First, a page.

Skip to main content
The popularity of PIM systems is growing rapidly because of the strong growth in sales and increasing levels of professionalism in e-commerce. The COVID-driven digitalization push has been a major driver for the adoption of PIM tools as well. As Product Information Management or PIM shortly is a relatively new concept in business and IT, we will explain it in a nutshell.

Top 7 PIM Tool use-cases

Product Information Management
(or… PIM)

A PIM tool helps retailers, wholesalers, and manufacturers to control their products in a central place. It provides one single point of truth about the product (and all its data). Product Information Management is the place to gather, optimize and distribute product content data. Thus, it is in a sense the central tool for Product Data Management, though it offers much more.

what is a PIM tool or PIM system?

To visualize the central role that a PIM system can have in your IT architecture, you can see how it connects internal sources of product data with external sales channels.

We underline the top 7 reasons:

Using a PIM tool to manage Complex products

Within a PIM tool, it is possible to manage complex products in an efficient manner. Companies introduce products that consist of a large number of combinations (f.ex. an outfit consisting of pants, shirts, and shoes) or variation possibilities (f.ex. a T-shirt in different colors and sizes). The challenge is to manage these assets efficiently. Thus, subsequently,  to be able to communicate them to various output channels. The system allows you to do this in a simple and unambiguous manner, making your PIM a source of “Master Data”.

Do you need more information on the link between PIM and MDM? Read our article on the differences between PIM and MDM.

Manage Relationships in a PIM system

Another important theme within eCommerce is relationships and dependencies between products. A PIM system easily maintains and displays relationships between spare or replacement parts, options, accessories, etc…

Follow International Standards using a PIM Tool

Besides the fact that products have their own specific characteristics, the trend is that more products are classified following international standards such as GS1 or eClass. One of the powerful tools within a system is the ability to assign classifications to specific products or product groups. This creates a ‘rich’ product, of which the content is easily shared.

Easily import product content with PIM

The content classification structure makes it possible to easily receive product data from central content repositories: they all use these international standards.

Want to determine your PIM profile for free?

We help organizations find the right PIM Solution for their organization. We match your PIM profile to our database of PIM solutions and find the best fit. For free.

Get your in-depth shortlist

Ultimately, the goal is to show the end customer as much information about the product as possible, which will improve conversion significantly.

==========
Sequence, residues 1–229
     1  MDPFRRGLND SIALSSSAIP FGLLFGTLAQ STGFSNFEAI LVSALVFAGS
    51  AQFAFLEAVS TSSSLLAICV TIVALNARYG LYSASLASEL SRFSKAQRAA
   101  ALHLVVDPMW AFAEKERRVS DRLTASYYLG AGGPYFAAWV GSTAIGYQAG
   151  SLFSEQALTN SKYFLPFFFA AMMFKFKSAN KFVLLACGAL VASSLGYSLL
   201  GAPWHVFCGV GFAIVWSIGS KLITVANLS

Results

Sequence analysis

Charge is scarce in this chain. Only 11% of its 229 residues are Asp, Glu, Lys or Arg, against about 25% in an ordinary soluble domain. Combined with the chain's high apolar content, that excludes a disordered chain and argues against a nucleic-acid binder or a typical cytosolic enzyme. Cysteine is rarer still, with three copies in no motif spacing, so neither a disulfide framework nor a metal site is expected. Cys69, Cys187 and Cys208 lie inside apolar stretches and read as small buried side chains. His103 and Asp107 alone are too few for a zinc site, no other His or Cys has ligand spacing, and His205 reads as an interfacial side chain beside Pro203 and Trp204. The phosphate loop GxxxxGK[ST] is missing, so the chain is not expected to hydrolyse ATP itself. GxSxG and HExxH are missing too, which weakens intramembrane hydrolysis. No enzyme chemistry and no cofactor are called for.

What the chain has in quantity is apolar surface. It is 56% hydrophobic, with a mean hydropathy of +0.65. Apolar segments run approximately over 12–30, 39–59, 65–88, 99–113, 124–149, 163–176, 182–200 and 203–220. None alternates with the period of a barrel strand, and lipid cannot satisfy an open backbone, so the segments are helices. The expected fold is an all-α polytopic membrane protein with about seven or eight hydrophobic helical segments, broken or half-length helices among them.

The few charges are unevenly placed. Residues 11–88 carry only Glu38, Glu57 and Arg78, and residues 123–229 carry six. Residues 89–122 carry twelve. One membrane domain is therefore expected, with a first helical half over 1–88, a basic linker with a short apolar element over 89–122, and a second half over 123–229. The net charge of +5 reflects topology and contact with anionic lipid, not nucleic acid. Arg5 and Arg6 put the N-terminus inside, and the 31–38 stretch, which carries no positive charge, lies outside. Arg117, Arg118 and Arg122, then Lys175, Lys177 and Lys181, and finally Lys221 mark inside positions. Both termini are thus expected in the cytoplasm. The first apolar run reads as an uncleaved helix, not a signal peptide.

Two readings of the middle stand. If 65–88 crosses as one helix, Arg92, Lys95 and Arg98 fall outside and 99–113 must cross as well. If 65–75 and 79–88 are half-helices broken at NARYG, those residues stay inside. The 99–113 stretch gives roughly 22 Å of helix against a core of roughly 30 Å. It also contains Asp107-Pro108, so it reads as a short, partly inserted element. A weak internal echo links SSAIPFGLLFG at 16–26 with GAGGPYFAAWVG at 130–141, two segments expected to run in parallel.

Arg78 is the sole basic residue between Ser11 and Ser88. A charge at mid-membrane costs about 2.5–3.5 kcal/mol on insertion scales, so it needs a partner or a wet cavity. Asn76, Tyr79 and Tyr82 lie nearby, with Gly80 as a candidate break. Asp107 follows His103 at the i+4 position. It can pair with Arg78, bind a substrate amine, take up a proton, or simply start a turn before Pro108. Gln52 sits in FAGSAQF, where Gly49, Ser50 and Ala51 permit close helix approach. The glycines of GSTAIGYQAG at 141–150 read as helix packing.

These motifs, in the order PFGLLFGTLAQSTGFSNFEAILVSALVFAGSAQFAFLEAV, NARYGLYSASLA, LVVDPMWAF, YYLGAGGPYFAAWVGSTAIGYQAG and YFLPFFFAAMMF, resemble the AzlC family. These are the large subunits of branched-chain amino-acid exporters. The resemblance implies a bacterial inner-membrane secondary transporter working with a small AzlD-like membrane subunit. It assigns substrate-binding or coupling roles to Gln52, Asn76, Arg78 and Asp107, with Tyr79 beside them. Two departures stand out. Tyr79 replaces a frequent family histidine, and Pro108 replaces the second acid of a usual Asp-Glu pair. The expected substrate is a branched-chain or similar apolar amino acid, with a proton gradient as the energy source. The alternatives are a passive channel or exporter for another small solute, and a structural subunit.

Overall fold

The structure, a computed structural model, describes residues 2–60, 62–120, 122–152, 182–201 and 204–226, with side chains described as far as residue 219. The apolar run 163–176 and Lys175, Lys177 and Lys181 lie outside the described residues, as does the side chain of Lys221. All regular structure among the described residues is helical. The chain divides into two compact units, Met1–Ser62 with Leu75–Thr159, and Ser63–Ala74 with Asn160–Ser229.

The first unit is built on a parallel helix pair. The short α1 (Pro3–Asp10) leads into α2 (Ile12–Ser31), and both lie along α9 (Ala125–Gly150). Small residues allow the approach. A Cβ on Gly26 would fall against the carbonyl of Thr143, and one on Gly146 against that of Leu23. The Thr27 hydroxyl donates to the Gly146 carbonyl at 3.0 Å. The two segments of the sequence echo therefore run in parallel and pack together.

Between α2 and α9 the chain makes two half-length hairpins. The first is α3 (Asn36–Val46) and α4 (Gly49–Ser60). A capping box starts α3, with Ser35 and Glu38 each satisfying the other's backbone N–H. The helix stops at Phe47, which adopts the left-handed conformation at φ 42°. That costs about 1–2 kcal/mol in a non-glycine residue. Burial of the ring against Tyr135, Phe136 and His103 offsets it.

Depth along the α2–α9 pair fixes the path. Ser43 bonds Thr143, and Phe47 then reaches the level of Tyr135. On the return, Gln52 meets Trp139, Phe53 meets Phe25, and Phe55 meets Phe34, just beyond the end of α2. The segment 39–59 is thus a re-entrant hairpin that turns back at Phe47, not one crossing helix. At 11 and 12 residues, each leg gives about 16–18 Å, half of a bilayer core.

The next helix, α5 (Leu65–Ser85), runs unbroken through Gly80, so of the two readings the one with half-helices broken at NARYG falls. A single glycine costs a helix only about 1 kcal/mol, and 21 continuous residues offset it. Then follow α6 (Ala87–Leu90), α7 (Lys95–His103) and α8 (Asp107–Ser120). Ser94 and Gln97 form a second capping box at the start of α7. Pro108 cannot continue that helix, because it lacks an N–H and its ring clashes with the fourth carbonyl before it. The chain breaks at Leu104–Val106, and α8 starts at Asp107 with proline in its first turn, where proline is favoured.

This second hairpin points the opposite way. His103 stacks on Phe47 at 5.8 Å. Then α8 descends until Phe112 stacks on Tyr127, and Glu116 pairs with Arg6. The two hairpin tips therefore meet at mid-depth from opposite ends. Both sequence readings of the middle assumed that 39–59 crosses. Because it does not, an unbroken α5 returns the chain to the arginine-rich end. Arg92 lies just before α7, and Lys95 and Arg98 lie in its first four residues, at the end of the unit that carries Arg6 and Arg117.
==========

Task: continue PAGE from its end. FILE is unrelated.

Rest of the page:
An international business using PIM Tools

The deployment of e-commerce causes the blurring of country boundaries. Many companies are increasingly active in the international market.  The localization of products is easily tracked in a workflow with a PIM system. This way you can easily manage and implement translations and other regional adaptations.

Multimedia objects in PIM systems

A PIM system is not complete without a Digital Asset Management (DAM) section.  The DAM system manages the multimedia objects such as images in various formats, documents, and videos that are associated with catalogs and products. The additional functionality from the DAM system (searching, formatting and automatically converting, cross-referencing, exporting, etc.) is part of a mature PIM system.

To learn how PIM and DAM interact you can read our deep-dive on DAM and PIM systems.

Omnichannel in PIM

The PIM takes an important place in today’s omnichannel environment. It is the single point of truth concerning ​​the product. In many cases, it even takes over the ‘primacy’ of the ERP. In a future article, I will explain how a system can be positioned within the e-commerce ecosystem.

Why not use a PIM alternative?

Now you might be wondering: all these features above are already supported in some ways by my ERP system, my Content Management (CMS) system, and/or my e-Commerce system. And maybe some Excel to move data from one system to the other. Why not use a PIM alternative?

PIM versus ERP

When comparing a PIM with an ERP tool, it is important to note that an ERP focuses mainly on data “at rest”. It’s great at storing product information but often fails at the facilitation of editing or conversion of product information. Especially in more complex environments with relationships (upsell, cross-sell, spare parts) between products and multiple languages, an ERP falls short.

Finally, when it comes to publishing your product data on downstream channels (your own e-commerce system, print media, or your customers) an ERP often has just one way to export your information. It has very limited mapping capabilities (not to mention a complete lack of transformation or combination of attributes, if necessary).

PIM versus PDM (Product Data Management)

Though both PIM and PDM tools are very well suited for the task of managing product information, the key difference is in the “type” of data they are built for: data or information. “It’s in the name!” you might say, but let’s explore this a little deeper:

  • Product data is a more ‘raw’ set of attributes and product-related files, used in the early stages of an (often technical) product. It comprises CAD drawings, design documents, 3D models, test specifications, and other data related to early product lifecycle stages.
  • Product information is a more ‘applied’ set of attributes and product-related files, uses to sell the finished product to wholesale, retail, or consumers. It comprises stylistic photos, brand images, descriptive texts, and sales copy related to the final product lifecycle stages.